SnorePro: Get better sleep laying next to a snorer

Biomedical device maker HBI releases the first snore prevention device that automatically nudges snorers to prevent continuous snoring.

If you happen to have to sleep next to a snorer, there's now hope. And it runs with batteries.

HBI, a maker of biomedical devices, on Tuesday introduced a new device, called SnorePro, that can keep you from being awakened by snores. It's a small wrist-worn device that a snorer wears when going to bed. The device uses HBI's proprietary Dynamic Snore Detection technology to detect snores and gently issue a programmable digital pulse to prevent snoring.

HBI

HBI--which not long ago came out with an acupressure wristband to induce sleep --claims the digital pulse functions much like a spouse nudging his or her snoring bedmate. Over time, this trains the body of the snorer to change sleep positions to eliminate the snoring.

According to statistics, bedmates of snorers lose an average of one hour of sleep per night because of snoring. The stimulation may disturb the snorer but helps their bedmates sleep as they won't have to nudge the snorer anymore.

The SnorePro features a built-in LCD screen that displays snore history and allows users to track their improvements over time. Other than that, it can also help identify and address external factors such as sleep position or consumption of alcohol/cigarettes, which are often the causes of increased snoring.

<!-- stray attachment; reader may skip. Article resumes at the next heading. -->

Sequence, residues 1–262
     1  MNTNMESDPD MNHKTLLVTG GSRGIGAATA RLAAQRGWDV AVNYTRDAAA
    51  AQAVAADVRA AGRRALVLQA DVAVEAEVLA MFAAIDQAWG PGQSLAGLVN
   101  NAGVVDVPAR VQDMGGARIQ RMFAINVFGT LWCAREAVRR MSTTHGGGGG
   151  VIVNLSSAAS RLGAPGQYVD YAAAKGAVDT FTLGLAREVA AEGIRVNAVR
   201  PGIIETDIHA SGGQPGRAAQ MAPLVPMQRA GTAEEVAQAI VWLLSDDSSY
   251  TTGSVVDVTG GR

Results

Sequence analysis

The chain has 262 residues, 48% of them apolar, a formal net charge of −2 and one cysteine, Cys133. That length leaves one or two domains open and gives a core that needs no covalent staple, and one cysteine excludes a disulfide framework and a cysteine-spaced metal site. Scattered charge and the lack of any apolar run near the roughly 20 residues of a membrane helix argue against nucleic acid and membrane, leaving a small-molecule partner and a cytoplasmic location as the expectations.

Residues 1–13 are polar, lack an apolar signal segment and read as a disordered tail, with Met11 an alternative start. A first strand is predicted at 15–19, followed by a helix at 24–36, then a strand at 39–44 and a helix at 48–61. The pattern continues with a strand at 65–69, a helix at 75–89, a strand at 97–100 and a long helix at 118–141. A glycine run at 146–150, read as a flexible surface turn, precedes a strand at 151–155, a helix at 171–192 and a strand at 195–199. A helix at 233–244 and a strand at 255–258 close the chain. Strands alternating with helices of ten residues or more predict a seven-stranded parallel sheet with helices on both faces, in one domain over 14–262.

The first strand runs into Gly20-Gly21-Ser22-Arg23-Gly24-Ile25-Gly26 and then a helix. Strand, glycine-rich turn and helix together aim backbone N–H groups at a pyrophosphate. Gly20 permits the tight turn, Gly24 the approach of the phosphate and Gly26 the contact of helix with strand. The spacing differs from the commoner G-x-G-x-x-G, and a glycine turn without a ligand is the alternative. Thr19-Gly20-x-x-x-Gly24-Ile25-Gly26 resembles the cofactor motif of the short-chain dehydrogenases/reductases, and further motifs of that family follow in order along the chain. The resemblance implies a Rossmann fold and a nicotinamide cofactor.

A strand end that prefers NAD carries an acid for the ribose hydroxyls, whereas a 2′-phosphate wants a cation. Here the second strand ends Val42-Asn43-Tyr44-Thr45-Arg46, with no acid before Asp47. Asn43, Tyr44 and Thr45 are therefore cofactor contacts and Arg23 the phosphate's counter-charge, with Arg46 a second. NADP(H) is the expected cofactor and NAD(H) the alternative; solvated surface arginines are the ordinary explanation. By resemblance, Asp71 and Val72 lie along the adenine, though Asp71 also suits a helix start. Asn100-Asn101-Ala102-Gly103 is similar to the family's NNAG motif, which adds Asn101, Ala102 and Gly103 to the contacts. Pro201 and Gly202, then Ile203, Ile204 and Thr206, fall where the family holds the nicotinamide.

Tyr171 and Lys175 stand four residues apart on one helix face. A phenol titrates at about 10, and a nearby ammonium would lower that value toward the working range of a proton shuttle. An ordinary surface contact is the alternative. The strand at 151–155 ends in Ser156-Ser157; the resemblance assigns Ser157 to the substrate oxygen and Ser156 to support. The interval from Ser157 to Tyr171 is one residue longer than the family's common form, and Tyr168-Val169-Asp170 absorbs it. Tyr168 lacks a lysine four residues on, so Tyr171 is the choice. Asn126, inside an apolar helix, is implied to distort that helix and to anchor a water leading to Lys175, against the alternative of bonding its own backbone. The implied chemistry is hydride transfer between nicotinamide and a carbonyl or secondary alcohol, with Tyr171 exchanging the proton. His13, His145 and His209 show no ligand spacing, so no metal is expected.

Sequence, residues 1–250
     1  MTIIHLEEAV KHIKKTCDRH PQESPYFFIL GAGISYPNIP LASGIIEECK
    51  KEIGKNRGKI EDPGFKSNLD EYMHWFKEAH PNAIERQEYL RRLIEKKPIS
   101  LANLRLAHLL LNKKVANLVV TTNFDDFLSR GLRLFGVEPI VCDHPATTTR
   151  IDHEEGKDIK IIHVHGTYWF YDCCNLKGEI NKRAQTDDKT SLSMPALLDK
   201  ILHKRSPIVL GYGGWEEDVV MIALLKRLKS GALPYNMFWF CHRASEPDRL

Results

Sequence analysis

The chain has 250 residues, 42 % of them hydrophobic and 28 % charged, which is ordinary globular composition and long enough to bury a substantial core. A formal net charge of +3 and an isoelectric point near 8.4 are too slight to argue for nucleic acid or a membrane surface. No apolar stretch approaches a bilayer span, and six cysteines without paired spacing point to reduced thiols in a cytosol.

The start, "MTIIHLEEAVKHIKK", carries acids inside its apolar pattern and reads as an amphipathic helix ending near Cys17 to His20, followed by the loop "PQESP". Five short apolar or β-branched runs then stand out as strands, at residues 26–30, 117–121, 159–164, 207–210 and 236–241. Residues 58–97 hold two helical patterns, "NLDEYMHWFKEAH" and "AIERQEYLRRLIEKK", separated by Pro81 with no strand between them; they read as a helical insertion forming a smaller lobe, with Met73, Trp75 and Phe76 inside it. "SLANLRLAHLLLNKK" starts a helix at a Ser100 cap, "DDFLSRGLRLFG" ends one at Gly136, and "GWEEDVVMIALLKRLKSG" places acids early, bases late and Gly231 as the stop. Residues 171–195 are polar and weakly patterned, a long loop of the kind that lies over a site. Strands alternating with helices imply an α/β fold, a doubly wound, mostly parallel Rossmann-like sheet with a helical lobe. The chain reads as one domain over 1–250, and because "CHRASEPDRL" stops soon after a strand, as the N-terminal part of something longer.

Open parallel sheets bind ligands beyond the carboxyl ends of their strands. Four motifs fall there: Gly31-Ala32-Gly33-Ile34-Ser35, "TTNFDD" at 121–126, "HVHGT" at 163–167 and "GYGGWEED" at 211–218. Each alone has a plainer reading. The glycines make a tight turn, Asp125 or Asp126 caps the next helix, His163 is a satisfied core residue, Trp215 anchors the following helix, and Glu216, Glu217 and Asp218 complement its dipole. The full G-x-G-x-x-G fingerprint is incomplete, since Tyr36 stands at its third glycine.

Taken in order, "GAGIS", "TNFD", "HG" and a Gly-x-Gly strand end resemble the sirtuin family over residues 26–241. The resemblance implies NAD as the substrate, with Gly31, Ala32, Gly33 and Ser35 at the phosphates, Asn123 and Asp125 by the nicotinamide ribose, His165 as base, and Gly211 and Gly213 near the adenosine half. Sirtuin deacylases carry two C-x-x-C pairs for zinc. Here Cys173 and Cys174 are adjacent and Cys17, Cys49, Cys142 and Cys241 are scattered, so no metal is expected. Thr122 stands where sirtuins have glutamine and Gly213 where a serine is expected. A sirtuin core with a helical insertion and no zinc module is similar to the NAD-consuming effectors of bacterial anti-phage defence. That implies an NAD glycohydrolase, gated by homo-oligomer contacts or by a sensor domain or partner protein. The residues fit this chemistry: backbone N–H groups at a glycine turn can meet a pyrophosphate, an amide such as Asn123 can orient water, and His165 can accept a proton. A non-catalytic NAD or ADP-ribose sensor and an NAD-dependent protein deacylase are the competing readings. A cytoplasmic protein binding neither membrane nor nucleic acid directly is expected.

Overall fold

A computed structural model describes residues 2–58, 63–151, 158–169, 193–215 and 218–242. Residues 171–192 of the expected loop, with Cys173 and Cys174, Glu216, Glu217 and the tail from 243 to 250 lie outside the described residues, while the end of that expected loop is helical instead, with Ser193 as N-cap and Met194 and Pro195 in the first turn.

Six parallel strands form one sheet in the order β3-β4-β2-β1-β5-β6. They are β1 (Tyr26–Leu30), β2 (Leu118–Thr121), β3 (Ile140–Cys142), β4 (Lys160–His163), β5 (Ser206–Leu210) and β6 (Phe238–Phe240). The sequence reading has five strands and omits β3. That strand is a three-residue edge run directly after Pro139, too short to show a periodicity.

The device offers an adjustable threshold of snore intensity (measured in decibels) filtered against any background ambient noises. This allows the unit to adapt to the sleepers' environment without triggering a fault pulse.

The SnorePro will be available soon for $119.99. During the initial three-month launch period, however, it will be sold at a discounted price of $99.99.

About the author

CNET editor Dong Ngo has been involved with technology since 2000, starting with testing gadgets and writing code for CNET Labs' benchmarks. He now manages CNET San Francisco Labs, reviews 3D printers, networking/storage devices, and also writes about other topics from online security to new gadgets and how technology impacts the life of people around the world.

 

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